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State v. Nagel

Supreme Court of North Dakota

December 18, 2014

State of North Dakota, Plaintiff and Appellee
v.
James Wayne Nagel, Defendant and Appellant

Appeal from the District Court of Burleigh County, South Central Judicial District, the Honorable Cynthia Feland, Judge.

Patricia L. Wilson, Assistant State's Attorney, Bismarck, ND, for plaintiff and appellee.

Daniel J. Borgen, Bismarck, ND, for defendant and appellant.

Lisa Fair McEvers, Carol Ronning Kapsner, Dale V. Sandstrom, Daniel J. Crothers, Gerald W. VandeWalle, C.J. Opinion of the Court by McEvers, Justice.

OPINION

Page 375

McEvers, Justice.

[¶1] James Nagel appeals from a criminal judgment entered on a conditional plea of guilty to driving under the influence of intoxicating liquor, reserving his right to appeal the district court's denial of his motion to suppress evidence. Nagel argues all evidence obtained after the administration of his pre-arrest onsite screening test should be suppressed because he did not voluntarily consent to the test. Because there is sufficient competent evidence to support the district court's decision that Nagel voluntarily consented to the pre-arrest onsite screening test, the court did not err in denying his motion to suppress evidence. We affirm the judgment.

I

[¶2] On December 22, 2013, a Burleigh County deputy sheriff received a call about

Page 376

a hit and run, informing him of the license plate number of the suspected vehicle and the registered address associated with the vehicle's owner. The deputy drove to the residence of the owner of the suspected vehicle. On the way to the residence, the deputy observed a single set of tire tracks in the fresh snow that crossed the lane lines and lead to the residence. Upon arriving, the deputy knocked on the door and an individual, later identified as Nagel, answered the door. Nagel permitted the deputy to inspect his vehicle, which was located in the garage. The deputy observed the damage to the vehicle was consistent with the hit and run accident. During the conversation, the deputy smelled a strong odor of an alcoholic beverage coming from Nagel and noticed Nagel's eyes were bloodshot and his speech was slurred. There was no dispute that Nagel had driven his vehicle that evening. Additionally, Nagel admitted he had been drinking that evening, but denied drinking after returning home.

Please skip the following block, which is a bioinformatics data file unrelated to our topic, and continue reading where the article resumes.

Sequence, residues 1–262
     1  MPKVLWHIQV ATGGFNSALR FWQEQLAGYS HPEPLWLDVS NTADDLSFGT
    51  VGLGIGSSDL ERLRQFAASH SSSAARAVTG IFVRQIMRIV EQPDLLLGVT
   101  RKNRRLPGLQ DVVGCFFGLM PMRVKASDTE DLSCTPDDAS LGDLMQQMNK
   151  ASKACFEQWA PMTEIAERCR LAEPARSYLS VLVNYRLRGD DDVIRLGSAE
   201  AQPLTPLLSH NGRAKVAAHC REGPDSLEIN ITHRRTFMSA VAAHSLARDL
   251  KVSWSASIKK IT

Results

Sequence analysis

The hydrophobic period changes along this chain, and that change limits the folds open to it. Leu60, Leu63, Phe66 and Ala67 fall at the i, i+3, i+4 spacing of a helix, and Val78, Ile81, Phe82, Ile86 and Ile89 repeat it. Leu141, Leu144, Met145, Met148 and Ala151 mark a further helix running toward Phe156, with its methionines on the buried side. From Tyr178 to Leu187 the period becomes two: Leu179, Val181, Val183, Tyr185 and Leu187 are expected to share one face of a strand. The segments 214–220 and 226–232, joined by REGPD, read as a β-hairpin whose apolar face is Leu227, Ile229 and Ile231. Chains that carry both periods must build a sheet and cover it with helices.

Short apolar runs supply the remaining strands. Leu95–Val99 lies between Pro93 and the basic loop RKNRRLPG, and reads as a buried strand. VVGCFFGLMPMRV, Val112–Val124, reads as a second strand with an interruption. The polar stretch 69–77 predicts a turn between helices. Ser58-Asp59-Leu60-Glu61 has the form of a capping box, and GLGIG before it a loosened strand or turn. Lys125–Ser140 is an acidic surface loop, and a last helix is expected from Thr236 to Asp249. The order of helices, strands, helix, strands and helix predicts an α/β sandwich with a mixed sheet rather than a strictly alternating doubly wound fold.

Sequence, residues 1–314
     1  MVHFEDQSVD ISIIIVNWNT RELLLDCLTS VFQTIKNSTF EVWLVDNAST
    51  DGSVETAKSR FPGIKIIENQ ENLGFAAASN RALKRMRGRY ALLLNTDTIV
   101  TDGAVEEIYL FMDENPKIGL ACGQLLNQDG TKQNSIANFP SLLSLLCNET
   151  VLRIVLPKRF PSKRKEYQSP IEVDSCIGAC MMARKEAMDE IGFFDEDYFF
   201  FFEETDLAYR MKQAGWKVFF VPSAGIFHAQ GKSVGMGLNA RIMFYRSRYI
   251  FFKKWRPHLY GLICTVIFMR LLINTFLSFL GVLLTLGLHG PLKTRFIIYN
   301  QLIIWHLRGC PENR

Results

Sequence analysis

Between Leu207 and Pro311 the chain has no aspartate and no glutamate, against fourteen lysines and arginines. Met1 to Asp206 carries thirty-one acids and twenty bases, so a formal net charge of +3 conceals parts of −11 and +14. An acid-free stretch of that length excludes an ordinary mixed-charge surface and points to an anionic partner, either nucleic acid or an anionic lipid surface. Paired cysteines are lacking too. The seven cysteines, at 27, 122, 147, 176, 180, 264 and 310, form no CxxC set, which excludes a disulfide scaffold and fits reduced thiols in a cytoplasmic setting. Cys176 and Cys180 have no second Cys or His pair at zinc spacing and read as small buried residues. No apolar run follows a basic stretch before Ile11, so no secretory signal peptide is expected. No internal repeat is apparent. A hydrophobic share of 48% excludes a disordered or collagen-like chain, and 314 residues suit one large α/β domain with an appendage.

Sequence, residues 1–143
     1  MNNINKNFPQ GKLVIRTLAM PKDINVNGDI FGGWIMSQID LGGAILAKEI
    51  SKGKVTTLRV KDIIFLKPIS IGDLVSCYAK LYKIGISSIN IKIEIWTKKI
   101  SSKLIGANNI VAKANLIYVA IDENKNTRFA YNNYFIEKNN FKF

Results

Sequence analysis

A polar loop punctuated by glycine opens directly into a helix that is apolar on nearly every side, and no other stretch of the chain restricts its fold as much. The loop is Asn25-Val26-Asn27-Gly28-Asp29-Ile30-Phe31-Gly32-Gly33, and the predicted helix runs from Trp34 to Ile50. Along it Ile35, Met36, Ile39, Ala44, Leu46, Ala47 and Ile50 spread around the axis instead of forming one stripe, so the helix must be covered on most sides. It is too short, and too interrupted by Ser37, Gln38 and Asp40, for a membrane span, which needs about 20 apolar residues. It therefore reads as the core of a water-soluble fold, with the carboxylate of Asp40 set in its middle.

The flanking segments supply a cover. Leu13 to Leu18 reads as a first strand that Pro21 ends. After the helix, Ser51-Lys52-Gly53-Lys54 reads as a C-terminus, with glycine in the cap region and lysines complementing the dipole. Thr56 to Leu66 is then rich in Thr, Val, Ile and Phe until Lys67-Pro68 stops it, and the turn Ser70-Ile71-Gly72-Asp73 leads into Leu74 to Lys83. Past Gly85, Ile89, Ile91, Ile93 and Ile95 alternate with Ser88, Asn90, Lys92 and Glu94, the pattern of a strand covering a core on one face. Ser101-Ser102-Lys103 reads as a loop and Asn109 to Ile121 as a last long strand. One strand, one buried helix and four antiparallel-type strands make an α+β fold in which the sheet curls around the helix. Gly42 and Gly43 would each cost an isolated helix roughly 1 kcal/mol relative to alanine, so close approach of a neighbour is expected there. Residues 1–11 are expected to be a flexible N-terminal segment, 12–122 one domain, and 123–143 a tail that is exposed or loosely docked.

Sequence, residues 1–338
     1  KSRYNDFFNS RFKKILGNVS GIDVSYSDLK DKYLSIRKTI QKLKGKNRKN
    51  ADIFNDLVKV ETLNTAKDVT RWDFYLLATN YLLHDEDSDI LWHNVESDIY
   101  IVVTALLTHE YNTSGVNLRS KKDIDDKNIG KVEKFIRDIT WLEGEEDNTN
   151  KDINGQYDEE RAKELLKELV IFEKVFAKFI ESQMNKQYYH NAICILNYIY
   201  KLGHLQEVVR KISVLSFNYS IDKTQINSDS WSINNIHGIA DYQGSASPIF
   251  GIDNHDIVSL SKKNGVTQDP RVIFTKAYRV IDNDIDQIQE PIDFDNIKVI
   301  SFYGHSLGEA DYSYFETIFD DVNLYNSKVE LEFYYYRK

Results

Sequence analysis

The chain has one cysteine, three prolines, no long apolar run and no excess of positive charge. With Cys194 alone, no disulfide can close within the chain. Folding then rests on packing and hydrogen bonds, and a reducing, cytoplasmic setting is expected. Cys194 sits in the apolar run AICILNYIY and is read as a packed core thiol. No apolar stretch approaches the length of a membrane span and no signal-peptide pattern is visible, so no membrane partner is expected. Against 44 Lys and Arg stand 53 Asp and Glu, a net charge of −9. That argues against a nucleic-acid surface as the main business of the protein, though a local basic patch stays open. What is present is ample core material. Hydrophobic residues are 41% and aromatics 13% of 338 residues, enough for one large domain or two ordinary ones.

[¶3] Nagel elected not to complete field sobriety testing. Nagel initially refused to take the pre-arrest onsite screening test. After the deputy read Nagel the implied consent advisory, Nagel agreed to take a pre-arrest onsite screening test. The result of the test was .198 percent alcohol concentration. The deputy then arrested Nagel for driving under the influence. The deputy read Nagel the implied consent advisory again and Nagel agreed to take an Intoxilyzer breath test. Nagel moved to suppress the results of the breath tests because he alleged they were obtained without a warrant and without an exception to the warrant requirement, in violation of U.S. Const. amend. IV and N.D. Const. art. I, § 8. Nagel requested a hearing on his motion to suppress evidence. On April 30, 2014, a hearing was held, and the district court denied Nagel's motion to suppress evidence, finding:

Operation of a motor vehicle is a privilege, not a right; and with that privilege comes certain requirements. One of those is to understand that if a law enforcement officer makes a request, you're required to consent; and if you don't do that, there are consequences for that consent, albeit very difficult consequences for a person to have to decide. Still, the person has the choice not to consent.
I don't find anything in this case out of the ordinary that indicates that he wasn't adequately advised by the law enforcement officer as to what the status of the law was. He was given an opportunity to decline to provide that sample. He didn't decline to provide that sample; and he consented to both the initial field sobriety on-site screening device, as well as a subsequent breath test via the Intoxilyzer. So I am going to deny your motion to suppress.

Nagel entered a conditional plea of guilty under N.D.R.Crim.P. 11(a)(2) to driving under the influence of intoxicating liquor in violation of N.D.C.C. § 39-08-01, reserving the right to appeal the court's denial of his suppression motion. The district court accepted Nagel's conditional plea of guilty, and Nagel appealed.

[¶4] On appeal, Nagel argues the results of both the preliminary breath test and the Intoxilyzer test should have been suppressed as illegally acquired evidence, because the pre-arrest onsite screening test qualified as a warrantless and unreasonable search under U.S. Const. amend. IV and N.D. Const. art. I, § 8. Nagel conceded at oral argument that our holding in State v. Smith,2014 ND 152, 849 N.W.2d 599, decided after the motion to suppress, applies to ...


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